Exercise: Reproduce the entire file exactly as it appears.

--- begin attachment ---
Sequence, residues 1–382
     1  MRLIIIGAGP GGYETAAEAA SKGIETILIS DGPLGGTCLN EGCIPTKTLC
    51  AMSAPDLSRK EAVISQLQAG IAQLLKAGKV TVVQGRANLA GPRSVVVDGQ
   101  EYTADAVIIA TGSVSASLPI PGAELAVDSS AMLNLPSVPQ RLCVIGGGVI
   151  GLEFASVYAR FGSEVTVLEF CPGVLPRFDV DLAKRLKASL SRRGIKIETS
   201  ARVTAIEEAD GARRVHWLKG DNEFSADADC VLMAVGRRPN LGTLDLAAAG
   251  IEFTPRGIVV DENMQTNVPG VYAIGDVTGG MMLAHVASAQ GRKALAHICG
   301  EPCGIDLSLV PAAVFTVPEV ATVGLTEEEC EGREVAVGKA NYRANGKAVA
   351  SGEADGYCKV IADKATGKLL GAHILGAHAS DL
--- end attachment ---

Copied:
Sequence, residues 1–382
     1  MRLIIIGAGP GGYETAAEAA SKGIETILIS DGPLGGTCLN EGCIPTKTLC
    51  AMSAPDLSRK EAVISQLQAG IAQLLKAGKV TVVQGRANLA GPRSVVVDGQ
   101  EYTADAVIIA TGSVSASLPI PGAELAVDSS AMLNLPSVPQ RLCVIGGGVI
   151  GLEFASVYAR FGSEVTVLEF CPGVLPRFDV DLAKRLKASL SRRGIKIETS
   201  ARVTAIEEAD GARRVHWLKG DNEFSADADC VLMAVGRRPN LGTLDLAAAG
   251  IEFTPRGIVV DENMQTNVPG VYAIGDVTGG MMLAHVASAQ GRKALAHICG
   301  EPCGIDLSLV PAAVFTVPEV ATVGLTEEEC EGREVAVGKA NYRANGKAVA
   351  SGEADGYCKV IADKATGKLL GAHILGAHAS DL